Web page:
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THE WORD “ONLY” is misused—or at least used in a flabby way—every day. However, years ago my Mainer friend Steve Macdonald taught me The Only Game, a great way to fine-tune one’s understanding of this common word.
Consider the basic statement “I poked him in his eye.” Next, place the word “only” in each of the seven possible places in this sentence, and understand its true meaning in each case. Curiously, of these seven, only three have the same meaning.
If you like, plan The Only Game first, then see if you agree with the following analyses.
#1: “Only I poked him in his eye.” No one else did the poking; just me.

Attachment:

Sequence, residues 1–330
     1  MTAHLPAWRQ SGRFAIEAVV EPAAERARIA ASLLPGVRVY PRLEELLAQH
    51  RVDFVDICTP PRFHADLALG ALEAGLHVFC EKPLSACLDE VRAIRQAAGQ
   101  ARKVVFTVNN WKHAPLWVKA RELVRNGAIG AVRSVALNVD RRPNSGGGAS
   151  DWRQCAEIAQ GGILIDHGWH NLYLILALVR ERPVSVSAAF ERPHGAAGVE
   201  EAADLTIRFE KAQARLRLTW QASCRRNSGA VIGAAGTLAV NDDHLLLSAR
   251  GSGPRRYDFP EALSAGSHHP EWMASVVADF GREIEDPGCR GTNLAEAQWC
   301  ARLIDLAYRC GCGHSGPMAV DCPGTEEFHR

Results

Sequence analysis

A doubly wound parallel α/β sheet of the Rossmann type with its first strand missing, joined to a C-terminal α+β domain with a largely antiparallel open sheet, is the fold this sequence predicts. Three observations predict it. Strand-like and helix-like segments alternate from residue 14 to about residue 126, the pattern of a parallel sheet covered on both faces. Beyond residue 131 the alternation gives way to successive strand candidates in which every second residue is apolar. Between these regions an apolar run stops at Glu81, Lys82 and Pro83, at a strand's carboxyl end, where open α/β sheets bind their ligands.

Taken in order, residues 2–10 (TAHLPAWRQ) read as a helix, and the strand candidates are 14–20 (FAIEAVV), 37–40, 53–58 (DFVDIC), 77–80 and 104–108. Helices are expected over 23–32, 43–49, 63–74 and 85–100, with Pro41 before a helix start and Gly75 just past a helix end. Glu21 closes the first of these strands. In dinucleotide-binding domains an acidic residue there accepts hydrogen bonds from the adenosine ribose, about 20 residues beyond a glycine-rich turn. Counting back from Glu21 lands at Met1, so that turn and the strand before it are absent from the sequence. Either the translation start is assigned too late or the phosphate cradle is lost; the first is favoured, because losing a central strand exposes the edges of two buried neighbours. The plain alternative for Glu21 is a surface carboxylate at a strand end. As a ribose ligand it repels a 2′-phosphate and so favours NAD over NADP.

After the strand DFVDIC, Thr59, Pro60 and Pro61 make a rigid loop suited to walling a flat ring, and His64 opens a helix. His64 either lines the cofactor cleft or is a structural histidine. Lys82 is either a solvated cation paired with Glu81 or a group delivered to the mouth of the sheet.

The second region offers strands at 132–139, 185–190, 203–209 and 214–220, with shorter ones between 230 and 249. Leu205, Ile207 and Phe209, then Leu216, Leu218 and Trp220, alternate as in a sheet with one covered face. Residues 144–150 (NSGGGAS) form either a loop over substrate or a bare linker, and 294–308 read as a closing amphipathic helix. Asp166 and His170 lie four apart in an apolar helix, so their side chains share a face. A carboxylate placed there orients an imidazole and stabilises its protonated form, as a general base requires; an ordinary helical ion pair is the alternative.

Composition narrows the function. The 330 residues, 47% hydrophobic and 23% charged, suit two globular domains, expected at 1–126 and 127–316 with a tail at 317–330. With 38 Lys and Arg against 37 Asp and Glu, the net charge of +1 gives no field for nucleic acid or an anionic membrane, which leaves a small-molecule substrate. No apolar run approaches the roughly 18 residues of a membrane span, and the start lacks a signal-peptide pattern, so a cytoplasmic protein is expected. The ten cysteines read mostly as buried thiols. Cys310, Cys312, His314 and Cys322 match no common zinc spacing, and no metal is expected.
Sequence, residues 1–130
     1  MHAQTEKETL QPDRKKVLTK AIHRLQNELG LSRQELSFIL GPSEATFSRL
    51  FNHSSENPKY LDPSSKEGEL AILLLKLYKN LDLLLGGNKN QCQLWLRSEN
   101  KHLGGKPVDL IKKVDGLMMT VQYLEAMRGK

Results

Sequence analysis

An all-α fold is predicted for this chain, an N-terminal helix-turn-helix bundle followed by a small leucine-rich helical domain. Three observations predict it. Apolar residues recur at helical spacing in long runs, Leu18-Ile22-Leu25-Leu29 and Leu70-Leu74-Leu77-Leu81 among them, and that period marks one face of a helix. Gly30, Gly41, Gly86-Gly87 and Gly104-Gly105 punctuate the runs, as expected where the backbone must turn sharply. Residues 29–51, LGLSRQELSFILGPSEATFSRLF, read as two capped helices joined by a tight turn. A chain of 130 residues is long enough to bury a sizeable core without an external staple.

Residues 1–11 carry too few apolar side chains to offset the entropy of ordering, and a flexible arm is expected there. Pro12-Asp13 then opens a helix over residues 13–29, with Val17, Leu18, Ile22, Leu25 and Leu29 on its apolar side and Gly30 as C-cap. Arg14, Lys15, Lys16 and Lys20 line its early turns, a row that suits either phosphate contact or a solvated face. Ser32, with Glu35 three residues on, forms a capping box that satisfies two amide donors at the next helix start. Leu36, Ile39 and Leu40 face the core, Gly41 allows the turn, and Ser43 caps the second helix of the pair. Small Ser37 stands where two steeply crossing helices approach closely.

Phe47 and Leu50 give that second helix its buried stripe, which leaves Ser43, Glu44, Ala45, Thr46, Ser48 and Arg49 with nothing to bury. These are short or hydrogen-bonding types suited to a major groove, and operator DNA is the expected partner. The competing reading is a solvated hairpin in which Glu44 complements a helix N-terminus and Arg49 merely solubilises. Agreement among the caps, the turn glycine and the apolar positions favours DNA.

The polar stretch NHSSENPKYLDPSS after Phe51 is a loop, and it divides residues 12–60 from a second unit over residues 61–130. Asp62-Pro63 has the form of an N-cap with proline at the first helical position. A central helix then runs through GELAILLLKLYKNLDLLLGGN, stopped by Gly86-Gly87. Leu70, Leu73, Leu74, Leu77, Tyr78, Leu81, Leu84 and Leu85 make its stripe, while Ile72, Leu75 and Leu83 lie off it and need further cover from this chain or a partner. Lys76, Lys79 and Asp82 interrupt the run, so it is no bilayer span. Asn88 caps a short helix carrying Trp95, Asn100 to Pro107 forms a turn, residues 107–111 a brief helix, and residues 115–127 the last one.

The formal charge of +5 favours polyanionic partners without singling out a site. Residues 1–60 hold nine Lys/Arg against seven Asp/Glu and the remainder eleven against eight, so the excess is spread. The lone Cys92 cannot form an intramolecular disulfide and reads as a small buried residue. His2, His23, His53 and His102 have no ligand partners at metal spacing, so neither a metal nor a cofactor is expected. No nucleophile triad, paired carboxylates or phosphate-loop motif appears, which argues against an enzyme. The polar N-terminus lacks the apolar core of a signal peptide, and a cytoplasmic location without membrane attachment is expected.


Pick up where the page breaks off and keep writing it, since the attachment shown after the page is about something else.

#2: “I only poked him in his eye.” This reminds me of a truculent kid trying to minimize his aggression: Jeez, I didn’t knife his eye.
#3: “I poked only him in his eye.” Apparently there were other people who might have been given the same treatment, but not by me.
#4: “I poked him only in his eye.” Among the many places I might have directed the poke, his eye was the unique target. Not his forehead, nor his stomach.
#5: “I poked him in only his eye.” To me, this one, #4 and #7 are identical in meaning. (A possible quibble: It’s illogical to think I might have poked him in someone else’s eye. )
#6: “I poked him in his only eye.” Evidently he’s a Cyclops.
#7: “I poked him in his eye only.” See #4 and #5.
I want only to have fun with words (not “only want”). ds
© Dennis Simanaitis, SimanaitisSays.com, 2012